The effort hasn't gone unnoticed, least of all by No. 24. Without question one of those "five to 10 guys" Bynum alluded to, Kobe has no tolerance for a weak work ethic. Push it full throttle, put in extra work both in practice and on game days, and you'll get his respect and support. These days, Bynum has both.
Fresh from the Lakers' morning shootaround before an early-season matchup against the Celtics in Boston, Kobe was lifting at the Sports Club/LA. It's been his pregame routine for years, and rarely has he been joined by a fellow member of the purple-and-gold. But as he rose from one of his reps, he saw something that made him smile: a young center and his trainer entering the gym. "Love to see that," Kobe shouted. After watching Bynum work for a while, Kobe strode over to Zarzana to give him a pound and a huge hug. "Yo, G, he looks incredible," he said. "Please keep him working."
Lisa Blumenfeld/NBAE/Getty Images
Kobe has learned to love his young big man.
Kobe says the video incident led people to misunderstand his relationship with Bynum. He says when Andrew was a rookie, he told him he could be "phenomenal," and he worked with the young big sometimes after practice last season. When the star apologized quickly with a text message and later in person during training camp, he said his comments came out of respect for Kidd, not disrespect for Bynum. Revisionist history or not, nowadays Kobe and Bynum often can be seen on the bench sharing laughs during a surprisingly successful run that has put the Lakers firmly among the West's elite. Kobe's current characterization of their relationship is "big brother-little brother."
That sounds about right to Robert Lara, the Lakers head of security and a S.W.A.T. officer in nearby Torrance. Lara, who has grown close to Bynum—even taking him to fire shotguns at a local range on occasion—says, "Andrew is really a lot like Kobe. They're both smart and analytical. They don't want just to be told to do something; they want to understand how to do it and why to do it that way."
With the pair's court chemistry developing quickly, Lakers screen-and-rolls often end with Bynum slams off Kobe lobs. Kobe now sees he might have the big man he needs to get the Lakers back into title contention. But at 29 years old and in his 12th season, Bryant has no time for "potential"; he wants a big body he can go to war with—now. So he consistently challenges Bynum to play beyond his years. "Look, I had to deal with the same thing," Kobe says bluntly after a recent practice. "When I first came into the league, Shaq wasn't waiting for me. I had to go. At the age of 20, 21, I had to be a championship guard. That's the sense of urgency Andrew needs to play with."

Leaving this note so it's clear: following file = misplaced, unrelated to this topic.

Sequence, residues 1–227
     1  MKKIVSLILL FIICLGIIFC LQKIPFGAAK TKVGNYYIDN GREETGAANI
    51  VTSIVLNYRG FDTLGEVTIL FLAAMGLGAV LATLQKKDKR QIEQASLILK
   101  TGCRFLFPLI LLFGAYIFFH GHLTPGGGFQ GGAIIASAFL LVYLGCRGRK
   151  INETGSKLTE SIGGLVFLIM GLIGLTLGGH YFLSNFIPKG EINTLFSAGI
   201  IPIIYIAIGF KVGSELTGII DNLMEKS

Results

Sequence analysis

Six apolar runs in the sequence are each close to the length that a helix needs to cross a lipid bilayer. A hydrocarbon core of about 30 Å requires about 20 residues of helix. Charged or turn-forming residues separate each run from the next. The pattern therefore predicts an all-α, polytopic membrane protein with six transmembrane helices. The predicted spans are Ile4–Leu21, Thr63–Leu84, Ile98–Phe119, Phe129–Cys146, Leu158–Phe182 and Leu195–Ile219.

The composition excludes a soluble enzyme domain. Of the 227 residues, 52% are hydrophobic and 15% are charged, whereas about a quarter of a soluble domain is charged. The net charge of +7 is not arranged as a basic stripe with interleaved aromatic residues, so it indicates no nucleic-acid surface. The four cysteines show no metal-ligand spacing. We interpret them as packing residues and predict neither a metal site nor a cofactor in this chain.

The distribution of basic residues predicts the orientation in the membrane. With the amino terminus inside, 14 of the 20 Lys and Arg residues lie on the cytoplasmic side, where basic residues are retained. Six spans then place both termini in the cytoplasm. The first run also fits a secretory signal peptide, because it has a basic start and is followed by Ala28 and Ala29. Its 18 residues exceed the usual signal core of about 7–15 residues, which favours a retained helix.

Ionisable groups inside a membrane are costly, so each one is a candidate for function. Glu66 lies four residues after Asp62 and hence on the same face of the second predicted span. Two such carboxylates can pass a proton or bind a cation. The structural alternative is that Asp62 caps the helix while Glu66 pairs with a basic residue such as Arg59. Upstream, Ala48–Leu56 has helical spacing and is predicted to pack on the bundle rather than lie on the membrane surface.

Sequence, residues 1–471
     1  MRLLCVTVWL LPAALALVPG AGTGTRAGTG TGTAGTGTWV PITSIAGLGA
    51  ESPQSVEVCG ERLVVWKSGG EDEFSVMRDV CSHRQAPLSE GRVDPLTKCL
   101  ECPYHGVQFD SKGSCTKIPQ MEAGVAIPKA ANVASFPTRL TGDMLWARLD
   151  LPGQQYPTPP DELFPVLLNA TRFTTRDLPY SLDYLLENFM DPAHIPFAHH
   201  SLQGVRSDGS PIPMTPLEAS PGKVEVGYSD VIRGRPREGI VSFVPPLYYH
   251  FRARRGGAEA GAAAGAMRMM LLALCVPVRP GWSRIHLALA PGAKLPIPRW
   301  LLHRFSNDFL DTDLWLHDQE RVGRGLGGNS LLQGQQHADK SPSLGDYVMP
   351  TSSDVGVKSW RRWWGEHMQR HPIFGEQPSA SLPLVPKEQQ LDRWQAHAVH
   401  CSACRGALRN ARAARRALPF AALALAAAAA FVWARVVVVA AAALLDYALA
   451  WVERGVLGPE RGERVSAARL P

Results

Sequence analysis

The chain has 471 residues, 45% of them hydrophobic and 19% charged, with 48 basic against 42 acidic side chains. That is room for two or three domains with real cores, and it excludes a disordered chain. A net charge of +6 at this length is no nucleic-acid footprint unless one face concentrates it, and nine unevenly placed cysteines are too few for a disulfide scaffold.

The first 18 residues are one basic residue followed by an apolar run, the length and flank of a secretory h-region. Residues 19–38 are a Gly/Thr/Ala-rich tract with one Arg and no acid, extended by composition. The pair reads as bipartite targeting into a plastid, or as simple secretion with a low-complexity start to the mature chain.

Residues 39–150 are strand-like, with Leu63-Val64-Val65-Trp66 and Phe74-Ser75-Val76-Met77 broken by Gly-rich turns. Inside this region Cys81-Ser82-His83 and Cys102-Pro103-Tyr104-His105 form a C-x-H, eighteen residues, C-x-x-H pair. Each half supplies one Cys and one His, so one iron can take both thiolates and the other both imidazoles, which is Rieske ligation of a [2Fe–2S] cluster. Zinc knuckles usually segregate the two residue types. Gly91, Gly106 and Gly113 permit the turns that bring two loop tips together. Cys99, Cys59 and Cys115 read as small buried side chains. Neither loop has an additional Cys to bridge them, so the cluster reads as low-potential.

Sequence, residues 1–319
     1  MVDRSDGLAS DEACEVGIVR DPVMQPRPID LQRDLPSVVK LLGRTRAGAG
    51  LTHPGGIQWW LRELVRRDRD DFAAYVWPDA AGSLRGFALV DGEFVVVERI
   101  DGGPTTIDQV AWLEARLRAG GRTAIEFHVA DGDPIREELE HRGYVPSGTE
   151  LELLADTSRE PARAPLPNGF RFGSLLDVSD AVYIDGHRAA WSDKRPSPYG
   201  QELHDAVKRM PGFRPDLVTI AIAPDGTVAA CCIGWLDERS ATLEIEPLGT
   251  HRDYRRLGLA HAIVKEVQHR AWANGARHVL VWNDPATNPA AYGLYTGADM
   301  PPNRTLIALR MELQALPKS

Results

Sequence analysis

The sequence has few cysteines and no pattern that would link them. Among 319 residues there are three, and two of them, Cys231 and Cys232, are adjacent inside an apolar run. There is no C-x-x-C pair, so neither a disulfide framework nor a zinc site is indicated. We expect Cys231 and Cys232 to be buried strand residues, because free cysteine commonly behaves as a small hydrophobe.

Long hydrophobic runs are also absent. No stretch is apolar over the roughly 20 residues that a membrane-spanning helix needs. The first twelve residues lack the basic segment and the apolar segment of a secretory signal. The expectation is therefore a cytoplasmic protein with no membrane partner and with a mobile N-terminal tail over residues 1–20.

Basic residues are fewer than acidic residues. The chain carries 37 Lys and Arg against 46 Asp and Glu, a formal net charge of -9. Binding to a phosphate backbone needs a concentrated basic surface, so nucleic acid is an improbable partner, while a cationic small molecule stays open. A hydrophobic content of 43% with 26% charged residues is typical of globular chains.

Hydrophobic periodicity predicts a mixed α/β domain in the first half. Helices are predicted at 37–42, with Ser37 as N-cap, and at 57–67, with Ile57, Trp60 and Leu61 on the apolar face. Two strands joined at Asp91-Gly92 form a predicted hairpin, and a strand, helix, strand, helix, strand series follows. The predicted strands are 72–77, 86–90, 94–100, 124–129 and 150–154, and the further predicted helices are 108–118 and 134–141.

Bynum is cool with that, but he'd have Kobe know he's still 19 months younger than when Kobe won his first ring. "He's definitely pushed me to be a better player faster," Bynum says. "But even by his standards, I still have time to develop." To be fair, as productive as he is—13 ppg, 10 rpg and 2 bpg in only 29 minutes—Bynum is still as raw as a North Dakota winter, the bulk of his points coming off putbacks and alley-oops. Once the man-child masters a jump hook and turnaround J-not to mention his apprehension about using that sky hook Abdul-Jabbar has been teaching him—well, look out.
And by the way, there is no longer much debate around the NBA about whether the Lakers should have pulled the trigger on moving him. Remember that O'Neal deal? Bynum has thoroughly outplayed him twice this season. And Kidd? "I don't think they're a championship team with Kidd, Kobe and no big man," says one league exec. "And the way Bynum is playing, it looks like they'll have a great center for the next 15 years."
About the only question left about Bynum is this: Does he love the game enough to fulfill his mountainous potential? Bynum thinks concerns about his fire are hogwash. He reminds skeptics that he's been playing basketball since he was 5, dreaming of making the NBA since he could follow a game on TV. He has stories about sneaking out of his mom's two-bedroom apartment in Plainsboro, N.J., on school nights to join his brother and friends for midnight runs and says that while his prep pals were thinking about proms and skating toward graduation in the spring of 2005, he was rising at 5 a.m. to run wind sprints at the Jersey shore. And he doesn't love the game? What, just because he's a late bloomer? "I think people get thrown because I'm kind of like Tim Duncan, laid-back," Bynum says. "I have the fire. I'm just not crazy demonstrative."
"HE'S PUSHED ME TO BE A BETTER PLAYER FASTER," BYNUM SAYS OF KOBE. "BUT EVEN BY HIS STANDARDS, I HAVE TIME TO DEVELOP."